Sketch: Salmon, seals and Detective Stewart Stevenson
The year was 1968 and the world was in a state of turmoil. Martin Luther King Jr was assassinated on a motel balcony in Memphis. Public concern over American military action in Vietnam was growing steadily and by the summer anger had reached boiling point, with protests erupting across the US. The Soviet Union invaded Czechoslovakia, putting an end to the Prague Spring.
Meanwhile, in Scotland, a young Stewart Stevenson, then working alongside his brother as a water bailiff for the Tay District Salmon Fisheries Board, was arresting a man for “sniggering”.
Or so he announced during the salmon farming debate, anyway. The discussion was meant to focus on high levels of fish mortality and the industry’s impact on the environment, alongside its economic importance, with the sector’s value expected to reach £771m by 2020, with a turnover across the Scottish supply chain of over £1bn.
And it seems to have provided Stevenson with new skills too. ‘Sniggering’, as he explained, is an illegal fishing method, with a Scottish Government guide describing the practice as “striking the fish with a hook”. You can’t do that. Incidentally, the same guide also states that “use of an otter” is also banned.
And while whatever use Stevenson may or may not have for an otter remains unclear, the story is exactly the sort of thing you would expect from his past.
A hard-boiled, weather-beaten fish cop, fighting day and night against watery crime. Like Due South, but with an otter for a partner, instead of a deaf wolf. Stewart Stevenson: the Wet Detective. Hopefully, he had a uniform.
And like any good loch cop, Stevenson had a nemesis. In this case, his nemesis was a seal.
“The closure in the 1970s of Wee Bankie, which was a sprat fishery out in the North Sea, caused quadrupling of the number of seals in the North Sea,” he said, before asking, somewhat bitterly, “and guess what? Seals like eating salmon.”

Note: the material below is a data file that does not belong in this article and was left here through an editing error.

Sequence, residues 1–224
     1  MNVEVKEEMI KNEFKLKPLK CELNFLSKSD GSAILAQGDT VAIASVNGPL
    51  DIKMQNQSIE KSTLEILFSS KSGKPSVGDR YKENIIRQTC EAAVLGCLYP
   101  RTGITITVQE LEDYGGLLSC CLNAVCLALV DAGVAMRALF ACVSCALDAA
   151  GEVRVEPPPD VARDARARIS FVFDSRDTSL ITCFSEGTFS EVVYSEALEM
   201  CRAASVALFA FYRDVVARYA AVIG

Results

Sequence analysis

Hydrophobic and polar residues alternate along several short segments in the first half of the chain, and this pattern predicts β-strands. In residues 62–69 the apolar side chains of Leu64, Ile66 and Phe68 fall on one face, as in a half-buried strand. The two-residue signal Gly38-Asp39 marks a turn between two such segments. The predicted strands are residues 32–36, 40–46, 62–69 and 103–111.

But it wasn’t just seals that Stevenson had to contend with. There were also Russians.
“We had the Klondikers from Russia sitting in Loch Broom catching salmon offshore,” he recounted. “That was when the limits were 3 miles and 12 miles, rather than the 200 miles that we have today.”
Klondikers from Russia. Criminal seals. Sniggering. It was really a very enlightening debate, and not just because of Stevenson.
Jamie Greene, for example, had started his speech by requesting that everyone imagine a Scottish farm “on which the animals are covered in flesh-eating parasites that cause disease”.
Why though, Jamie? “Such a farm would make no environmental or moral sense,” he pointed out, despite the fact that it has been his decision to get everyone to start imagining this hypothetical disease-farm in the first place. “It would make no commercial sense, even to the farmer,” he argued. “Why is a farm in water any different from a farm on land?”
Probably the water, most likely. And it did seem like quite a philosophical one for the Scottish Parliament, even if dumping a loch-load of water on the landscape would probably make most ‘land farms’ look quite different.
But the good news is that Greene’s input stemmed from experience. It wasn’t just Stevenson who had investigated fish. “I, too, have stood in the cold waters of Scottish rivers – none of them my own – rod in hand, with nothing to catch but the cold,” he announced. It was a good speech, even if Greene’s insistence on standing in other people’s rivers seemed to come out of nowhere.
But still, there were no easy answers, with Gail Ross using her apperance to highlight concerns over issues ranging from gill disease to declines in wild salmon. “Sea lice are another challenge,” she continued, “as we heard from John Mason, Finlay Carson and the queen of sea lice herself, Claudia Beamish.”
It’s hard to say how pleased Beamish will be with that title, to be honest. Beamish is the Scottish Parliament species champion for the Forester Moth – arguably a far more glamorous species than the sea lice, but then there’s probably no particular need to start trying to rank them. But sea lice certainly are an issue for the industry, and, as ever, Stevenson seemed to have expertise here. Boasting that “I first saw sea lice in the 1950s,” he then added, somewhat confusingly, that “I, unlike Jamie Greene, look in the mirror when trying to find the cause for my failures.”
Greene looked quite surprised by this, but then so do most people when they realise they have been Stewart Stevenson-ed.
“I am an indifferent fisherman,” Stevenson explained. “My failure is not because there are no fish in the river. I have never seen Jamie Greene fishing, so I cannot judge his confidence.”
No sniggering, please.